Techstars CEO says coming years will be very difficult for high-tech industry
Techstars is the largest accelerator in the world, investing every year in about 500 startup companies in the pre-seed stages.
Mäelle Gavet, Chief Executive Officer of Techstars, says that the coming years are going to be very difficult for the high-tech industry.
In an interview published in CTECH by Calcalist, she is quoted as saying, “In 2021, we saw companies that rose to an unimaginable value with a very small base of activity and we saw seed companies that were valued at tens of millions of dollars without any financial consideration. We, the large seed investors, are supposed to be happy when the value increases, but it doesn’t work that way. There are companies whose value increases are unhealthy. We still don’t know when the crisis will end, whether this summer or in five years. There is a lot of uncertainty. We have thousands of companies in our portfolio and many investors in our companies and institutional investors who are partners with us, and I have heard every type of opinion from them about when the crisis will end. No one really knows what will happen and we teach our companies to be flexible and ready for anything.”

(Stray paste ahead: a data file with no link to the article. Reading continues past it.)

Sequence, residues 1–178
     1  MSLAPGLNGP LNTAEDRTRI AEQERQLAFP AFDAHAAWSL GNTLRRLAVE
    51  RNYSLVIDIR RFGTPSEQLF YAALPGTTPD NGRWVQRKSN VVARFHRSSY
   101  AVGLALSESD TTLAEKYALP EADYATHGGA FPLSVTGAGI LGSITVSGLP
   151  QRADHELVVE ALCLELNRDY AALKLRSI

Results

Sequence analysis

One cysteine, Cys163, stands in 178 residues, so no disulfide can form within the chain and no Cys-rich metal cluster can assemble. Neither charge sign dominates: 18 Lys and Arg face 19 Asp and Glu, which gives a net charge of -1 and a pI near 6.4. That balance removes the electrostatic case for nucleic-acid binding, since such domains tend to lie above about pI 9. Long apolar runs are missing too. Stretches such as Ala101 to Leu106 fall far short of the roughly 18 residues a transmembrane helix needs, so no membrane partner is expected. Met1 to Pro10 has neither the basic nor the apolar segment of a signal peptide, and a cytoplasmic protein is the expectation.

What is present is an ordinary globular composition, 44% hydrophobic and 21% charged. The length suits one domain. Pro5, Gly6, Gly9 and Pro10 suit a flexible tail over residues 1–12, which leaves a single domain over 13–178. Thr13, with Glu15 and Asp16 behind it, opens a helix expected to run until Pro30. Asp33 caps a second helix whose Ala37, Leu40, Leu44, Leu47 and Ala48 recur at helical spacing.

Techstars is the largest accelerator in the world, investing every year in about 500 start-up companies in the pre-seed stages. The organization is currently recruiting for the second cohort of its “Techstars Industries of the Future Accelerator” that is sponsored by Oak Ridge National Laboratory, Tennessee Valley Authority, and the University of Tennessee System. Applications close January 4, and the program begins April 3.
In response to a question about how her crystal ball assesses the next few years, Gavet says, “Unfortunately, what I think will happen is that 2023 and 2024 will be a graveyard for start-up companies. The companies still have a lot of money and there are still large rounds. Some of the companies that received money at a very early stage and did not build themselves are not ready for the crisis. Those companies that did not have time to raise enough are expected to encounter quite a few difficulties.”
Gavet thinks that the main problem will be for companies in advanced stages. “We are seeing difficult times for companies there, with value declines of 70 percent and great difficulty in raising money in general. These are companies that were built for a quick IPO (initial public offering), either through SPAC (special purpose acquisition company) or a direct IPO, and all of that no longer exists.”